Other reporters also protested that asking questions was their job, and pointed out that Godahewa himself had said he was prepared to answer any question at the beginning of the press conference.

Foreign Investors

It was also pointed out that foreign investors were now coming to the country despite reports of the stock market mafia, while they were selling even before the stock market mafia phrase hit the headlines.

Godahewa said there could be greater potential that was lost due to negative reports.

Analysts however say if there are perceptions of crime, corruption, lawlessness or even expropriation, some emerging market investors may still come as all risks can be potentially traded off with higher rewards.

As a result, they may demand a higher risk premium, indicating that price to earnings multiples have to be re-rated down make stocks attractive.

Savvy foreign investors who trade on fundamentals, and sold out during the peak of the bubble when price to earnings multiples hit the upper 20s are now coming back, with some well managed firms with fair prospects trading below 10 times earnings.

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13. Broke Broker Nov 21
Has anyone noticed how the market started the current dive after SEC chairman's latest press conference. For those who thought they were "goda" (meaning dry land), the market is now in mada (mud). I am, however, is an optimist I am confident that the market will settle with the ASI at around 3,000. I disagree with the pessimists who say it will hit 1,900.
12. Fibonasi Nov 20
Gentlemen, may I suggest that in the interest of maintaining the high decorum and propriety of the CSE we use another term to describe market manipulators, pump and dump triads (the Chinese mafia). How about patriots! That should fit in nicely with the terminology used during the height of the war against Tamil Tigers. Or we can even call the CSE mafia the Api Wenuwen Api brigade. Can we please agree on this terminology?
11. Shaik Ahamath Nov 20
A thief by any other name is still a thief
10. Kapila Nov 20
Thank you for that informative comment Lawdee.
The Sicilian Mafia are a very organised network, which I would say is quite far removed from the state of the CSE.

This is not to say that there was no organisation at all, just something more loose.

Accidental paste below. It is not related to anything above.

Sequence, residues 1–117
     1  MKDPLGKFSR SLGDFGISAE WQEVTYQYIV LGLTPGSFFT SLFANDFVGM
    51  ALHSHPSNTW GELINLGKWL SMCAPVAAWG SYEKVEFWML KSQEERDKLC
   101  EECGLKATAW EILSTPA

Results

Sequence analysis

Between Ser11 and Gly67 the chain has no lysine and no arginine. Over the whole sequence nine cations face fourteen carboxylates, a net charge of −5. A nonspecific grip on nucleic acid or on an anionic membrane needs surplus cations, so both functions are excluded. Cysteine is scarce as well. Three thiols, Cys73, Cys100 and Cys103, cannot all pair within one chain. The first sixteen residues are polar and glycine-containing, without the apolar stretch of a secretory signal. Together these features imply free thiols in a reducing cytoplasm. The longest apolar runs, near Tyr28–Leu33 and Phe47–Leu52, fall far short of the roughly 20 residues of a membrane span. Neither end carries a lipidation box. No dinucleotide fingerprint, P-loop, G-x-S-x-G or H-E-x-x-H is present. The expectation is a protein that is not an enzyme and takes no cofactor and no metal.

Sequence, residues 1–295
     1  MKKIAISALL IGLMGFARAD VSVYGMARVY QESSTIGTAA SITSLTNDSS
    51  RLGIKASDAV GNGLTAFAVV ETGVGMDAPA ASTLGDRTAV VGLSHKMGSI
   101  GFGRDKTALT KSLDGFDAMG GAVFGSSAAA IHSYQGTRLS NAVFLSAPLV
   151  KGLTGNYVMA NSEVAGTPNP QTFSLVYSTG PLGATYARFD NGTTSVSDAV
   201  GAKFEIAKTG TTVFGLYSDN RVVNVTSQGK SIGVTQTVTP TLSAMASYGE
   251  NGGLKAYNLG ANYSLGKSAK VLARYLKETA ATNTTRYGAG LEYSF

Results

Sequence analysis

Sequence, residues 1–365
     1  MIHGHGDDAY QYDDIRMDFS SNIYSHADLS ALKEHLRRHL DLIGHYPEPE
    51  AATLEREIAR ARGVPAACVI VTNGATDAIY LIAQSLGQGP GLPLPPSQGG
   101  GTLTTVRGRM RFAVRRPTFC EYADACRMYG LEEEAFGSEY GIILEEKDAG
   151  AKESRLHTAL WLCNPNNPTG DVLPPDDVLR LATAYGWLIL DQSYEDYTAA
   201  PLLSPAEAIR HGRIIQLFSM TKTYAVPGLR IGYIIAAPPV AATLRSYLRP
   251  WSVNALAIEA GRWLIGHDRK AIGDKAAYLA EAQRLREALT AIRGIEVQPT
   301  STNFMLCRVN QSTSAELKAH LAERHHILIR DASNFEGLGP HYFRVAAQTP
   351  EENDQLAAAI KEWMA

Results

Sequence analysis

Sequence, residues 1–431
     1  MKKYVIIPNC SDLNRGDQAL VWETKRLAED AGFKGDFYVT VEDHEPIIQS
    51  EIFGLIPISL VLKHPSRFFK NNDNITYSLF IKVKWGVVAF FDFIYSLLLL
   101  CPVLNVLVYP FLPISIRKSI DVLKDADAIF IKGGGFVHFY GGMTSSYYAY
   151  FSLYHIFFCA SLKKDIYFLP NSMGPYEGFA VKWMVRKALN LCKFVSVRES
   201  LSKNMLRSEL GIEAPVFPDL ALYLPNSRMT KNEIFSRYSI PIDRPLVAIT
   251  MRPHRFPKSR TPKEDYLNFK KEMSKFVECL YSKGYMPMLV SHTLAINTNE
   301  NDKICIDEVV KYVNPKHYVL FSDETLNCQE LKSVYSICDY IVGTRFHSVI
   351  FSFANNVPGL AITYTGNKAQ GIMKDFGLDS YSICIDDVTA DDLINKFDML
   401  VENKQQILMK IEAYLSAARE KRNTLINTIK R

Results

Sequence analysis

Racketeering is a good term, maybe robber baron or as Ranga said, barbarian?

9. Lawdee Nov 20
Hi Kapila. The mafia need not be of Italian origin. Infact the so called 'racketeering' charges stock and debt market miscreants are so often slammed with in the US are in fact from a counter mafia law.

The RICO statute (Racketeer Influenced and Corrupt Organizations Act) was originally brought against the mafia.

Micheal Milken (junk bond king) was one of the most famous people to get hit by RICO.

The organization need not be registered in the Companies Registrar. If they meet at Starbucks or map out the strategy through a conference call it is still a racket. Of course if you use the phone for fraud in the US you get slammed with wire fraud charges as well.

8. Ranga Srinath Nov 20
I suggest ' Barbarians'.
7. Kapila Nov 20
Mr Godahewa is a marketing expert and he knows the power of advertising.

Doubtless the use of the unmentionable phrase is having an impact.

He is quite right that they are not organised like the Sicilian Mafia.

Yet, how is this thing, whose name we may not speak be better described?

"Cronies" comes to mind. Does anyone have a better suggestion?

6. DillonDP Nov 19
Ohhh i should may be clean my own act before i speak about others
5. Puhul Horu Nov 19
Poor SEC chief - he must be taking things a little too personal...
4. Prophet Nov 19
xxxxx is no better than a Dhoby, only there to white wash.(Victim of SEC manipulation)
3. Leeiananda Nov 17
Yes media should use more descriptive statement like "Sri Lanka stock market 'mafia' headed by 'xxxx xxxxxxxxx' with the full backing of 'Sri Lanka xxxxx xxxxxx xxxxxxx'" instead.
2. L.Jinosoma Nov 17
EX-Chairman of SEC and UNP De Silva MP Of Parliement who used Mafia word in Stock Market.
Ex -SEC Chairman nothing exprinces of Stock Market and he is not study of share Market and finicial deals as well as not economist.
Harshe De Silva is like half boil egg has not fully study Global Economy at all.I think he has paid some mount of sum dollars and obtain (Dr) without proper study.

Ignorant elties only word of used mafia for stock market.

1. ranjith Nov 17
Yes But there is Anti Market Mafia.. That exists.